After heated disputes over the integrity of the electoral process, the new parliament’s composition was officially announced yesterday. It showed a sweeping victory for the ruling National Democratic Party (NDP) and a blistering defeat for opposition groups.
The announcement comes on the heels of a wave of outrage that swept the opposition and culminated two of the largest opposition groups boycotting the run-offs, triggering questions about the embattled opposition’s future.
According to the Muslim Brotherhood leader Saad al-Katatny, only one option for the opposition remains: unite and take to the streets.
“It is not enough to discuss reform demands in closed salons,” al-Katatny told as Al-Masr Al-Youm. “Demands should be made in the streets to pressure [the regime].”
“The opposition has no option but to unite over the minimal requirements of reform,” said al-Katatny, adding that his group will not call on supporters to take to the streets unless all political opposition groups support such a move.
“All [opposition groups] should bear responsibility for pushing reform,” said al-Katatny. He claimed that Egypt is witnessing “a historic moment that makes it necessary for us all to unite despite our differences.”
The Brotherhood, usually held as the largest and most organized opposition group in Egypt, was ousted from the people’s assembly. None of the Brotherhood's 130 candidates emerged victorious from last week's violent first round, prompting the group to boycott election run-offs. The Wafd Party, the second most prominent opposition group, followed suit after its failure to secure more than two seats in the first round. Citing fraud and voter intimidation, the party announced its withdrawal from the run-offs, held earlier this week.
“What happened was beneficial to the Egyptian opposition,” said Nasser Abdel Hamed, a prominent activist in the National Association for Change. “The NDP made a huge mistake in uniting the opposition.”
Despite Abdel Hamed’s claims of a united opposition, evidence to contrary abounds. The leftist opposition Tagammu Party refused to unite with other opposition groups in boycotting the run-offs. Within Wafd, seven of eight candidates who passed the first round defied the party’s decision and failed to withdraw from the race.
For some observers, even if the opposition eventually managed to achieve a unified stance, not much could be expected to result in the way of concrete reform.
“What’s after they unite?” wondered Samer Soliman, a political scientist with the American University in Cairo. “It is like adding zeros to each other, the sum is another zero. The opposition is not deeply immersed in the society; it remains aloof.”
The current opposition is incapable of orchestrating massive protest or civil disobedience whereby the regime faces significant pressure to embark on democratic reforms, added Soliman.
Earlier this year, Mohamed ElBaradei, the former UN atomic agency head, formed a new opposition movement called the National Association for Change (NAC). An outspoken opponent of Mubarak’s regime, he came to the fore while calling on opposition groups to boycott the polls in response to the ruling party’s failure to guarantee the integrity of elections. None of the major parties heeded his call, however, until after the first round had already finished.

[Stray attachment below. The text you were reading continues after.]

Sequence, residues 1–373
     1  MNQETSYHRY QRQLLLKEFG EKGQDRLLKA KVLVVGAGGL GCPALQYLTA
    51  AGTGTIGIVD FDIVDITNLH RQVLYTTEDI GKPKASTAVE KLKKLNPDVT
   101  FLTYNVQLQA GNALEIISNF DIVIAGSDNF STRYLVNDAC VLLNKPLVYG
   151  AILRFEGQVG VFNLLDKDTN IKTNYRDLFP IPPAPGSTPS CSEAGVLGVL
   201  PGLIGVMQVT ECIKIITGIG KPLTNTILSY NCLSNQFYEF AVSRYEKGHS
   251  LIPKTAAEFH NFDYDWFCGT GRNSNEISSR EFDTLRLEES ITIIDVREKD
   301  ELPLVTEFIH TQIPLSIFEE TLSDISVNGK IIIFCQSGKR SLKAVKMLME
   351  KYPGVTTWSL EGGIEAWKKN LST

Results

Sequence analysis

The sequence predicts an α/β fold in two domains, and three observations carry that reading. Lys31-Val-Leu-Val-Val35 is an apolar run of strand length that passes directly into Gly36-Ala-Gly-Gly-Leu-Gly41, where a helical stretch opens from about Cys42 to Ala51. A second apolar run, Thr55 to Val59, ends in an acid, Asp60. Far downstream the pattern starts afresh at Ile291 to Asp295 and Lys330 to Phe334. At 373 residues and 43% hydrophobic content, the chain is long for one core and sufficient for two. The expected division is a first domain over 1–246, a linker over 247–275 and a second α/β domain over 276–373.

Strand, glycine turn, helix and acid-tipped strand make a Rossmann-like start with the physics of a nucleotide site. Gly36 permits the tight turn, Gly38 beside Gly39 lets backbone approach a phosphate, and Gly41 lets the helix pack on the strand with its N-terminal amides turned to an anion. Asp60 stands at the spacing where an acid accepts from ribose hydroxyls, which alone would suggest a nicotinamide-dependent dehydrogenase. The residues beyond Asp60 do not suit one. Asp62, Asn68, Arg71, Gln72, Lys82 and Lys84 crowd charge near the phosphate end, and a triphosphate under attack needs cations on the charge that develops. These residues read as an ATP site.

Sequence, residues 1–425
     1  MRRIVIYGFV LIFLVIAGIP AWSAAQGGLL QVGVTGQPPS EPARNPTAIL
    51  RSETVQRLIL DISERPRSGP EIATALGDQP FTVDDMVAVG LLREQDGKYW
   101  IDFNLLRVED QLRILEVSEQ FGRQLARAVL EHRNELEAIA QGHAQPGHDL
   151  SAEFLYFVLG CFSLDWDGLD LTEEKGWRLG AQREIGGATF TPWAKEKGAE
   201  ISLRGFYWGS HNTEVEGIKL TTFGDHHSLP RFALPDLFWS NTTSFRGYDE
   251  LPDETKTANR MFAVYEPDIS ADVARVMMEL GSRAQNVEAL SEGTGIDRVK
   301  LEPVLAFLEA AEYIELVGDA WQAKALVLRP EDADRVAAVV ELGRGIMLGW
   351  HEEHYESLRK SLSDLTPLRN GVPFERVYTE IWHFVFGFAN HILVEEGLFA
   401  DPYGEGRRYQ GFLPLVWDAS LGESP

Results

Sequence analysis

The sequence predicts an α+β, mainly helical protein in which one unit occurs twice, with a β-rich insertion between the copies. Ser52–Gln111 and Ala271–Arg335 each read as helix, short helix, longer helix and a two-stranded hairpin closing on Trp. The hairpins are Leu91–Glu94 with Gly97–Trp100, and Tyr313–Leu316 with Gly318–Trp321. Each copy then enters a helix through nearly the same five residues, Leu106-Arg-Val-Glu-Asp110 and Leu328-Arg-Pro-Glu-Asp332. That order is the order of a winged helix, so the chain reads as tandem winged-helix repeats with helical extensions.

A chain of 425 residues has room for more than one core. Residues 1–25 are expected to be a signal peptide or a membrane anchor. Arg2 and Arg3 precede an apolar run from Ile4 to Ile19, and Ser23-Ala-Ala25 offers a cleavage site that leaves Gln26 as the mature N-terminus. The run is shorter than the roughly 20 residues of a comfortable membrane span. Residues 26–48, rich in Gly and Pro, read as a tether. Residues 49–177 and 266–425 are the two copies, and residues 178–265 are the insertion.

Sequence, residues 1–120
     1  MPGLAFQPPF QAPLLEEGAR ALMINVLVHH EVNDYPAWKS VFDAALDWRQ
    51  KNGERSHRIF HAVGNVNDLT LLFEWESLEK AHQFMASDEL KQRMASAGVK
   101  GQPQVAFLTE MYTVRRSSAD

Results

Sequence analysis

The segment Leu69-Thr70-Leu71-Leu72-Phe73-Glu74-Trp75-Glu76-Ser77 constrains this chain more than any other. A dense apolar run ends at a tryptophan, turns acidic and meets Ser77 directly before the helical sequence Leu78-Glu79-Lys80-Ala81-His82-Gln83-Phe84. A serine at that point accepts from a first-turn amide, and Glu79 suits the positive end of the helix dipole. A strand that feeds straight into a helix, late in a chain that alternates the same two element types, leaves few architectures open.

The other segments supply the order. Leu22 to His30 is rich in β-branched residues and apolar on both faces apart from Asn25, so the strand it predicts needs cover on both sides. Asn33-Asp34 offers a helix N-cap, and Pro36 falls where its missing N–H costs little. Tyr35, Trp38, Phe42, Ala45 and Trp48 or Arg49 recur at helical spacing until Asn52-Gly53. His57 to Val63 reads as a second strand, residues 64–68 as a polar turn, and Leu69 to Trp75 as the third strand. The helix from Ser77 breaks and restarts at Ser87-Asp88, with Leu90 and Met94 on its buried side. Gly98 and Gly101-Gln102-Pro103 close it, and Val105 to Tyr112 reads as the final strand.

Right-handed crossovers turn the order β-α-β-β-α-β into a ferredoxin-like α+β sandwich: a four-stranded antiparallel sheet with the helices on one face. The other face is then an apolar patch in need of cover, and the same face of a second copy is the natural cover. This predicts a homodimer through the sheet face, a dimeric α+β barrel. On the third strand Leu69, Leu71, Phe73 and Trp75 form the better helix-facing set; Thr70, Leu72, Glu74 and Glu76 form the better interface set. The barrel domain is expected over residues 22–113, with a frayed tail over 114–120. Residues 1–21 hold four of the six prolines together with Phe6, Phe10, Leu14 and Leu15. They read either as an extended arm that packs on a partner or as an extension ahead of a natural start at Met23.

“What happened gave a momentum to those who were calling for the boycott,” said Bahey Eddin Hassan, director of Cairo Institute for Human Rights. “Yet, the pro-boycott group still seems lost. All depends on its ability to organize itself.”
ElBaradei’s group has been racked by internal divisions and undermined by Elbaradei’s personal absence. Throughout the year, ElBaradei has spent just a few weeks in Egypt.
“ElBaradei is not taking himself or his movement seriously. He is against protests,” said Ashraf al-Sherif, a political science lecturer with the American University in Cairo.
Since its inception, the NAC has failed to mobilize large scale protests with the aim of pressuring the government. Although ElBaradei previously threatened resorting to civil disobedience if the regime failed to meet his demands, he never specified when he planned to execute his warning.
For many analysts, the Brotherhood is the only group capable of mobilizing the masses. In the summer, the group threw its full backing behind ElBaradei by collecting signatures in support of his reform petition that listed seven demands including full judicial monitoring of elections and the lifting of the Emergency Law. The group, which remains officially banned and routinely harassed by the state, is not expected to spearhead large public protests, analysts contended.
“The Brotherhood is not willing to pay the political price of such an action,” said al-Sherif. “Their primary goal is to preserve their organization rather than to bring about change.”
According to official results, NDP candidates grabbed 420 of 508 total seats while opposition parties failed to secure a combined total of more than 15 seats. Independents won the remainder of seats. As for the Brotherhood, it formally boycotted the new parliament following its first election round losses. By contrast, the group garnered 88 seats in the 2005 elections and attained unofficial status as the largest opposition bloc in the people’s assembly.
“I think we are entering a phase of stagnation that will last until the 2011 elections,” said al-Sherif. “Things will remain the same until then. We will have to wait and see if upcoming elections bring a new president or present a new formula.”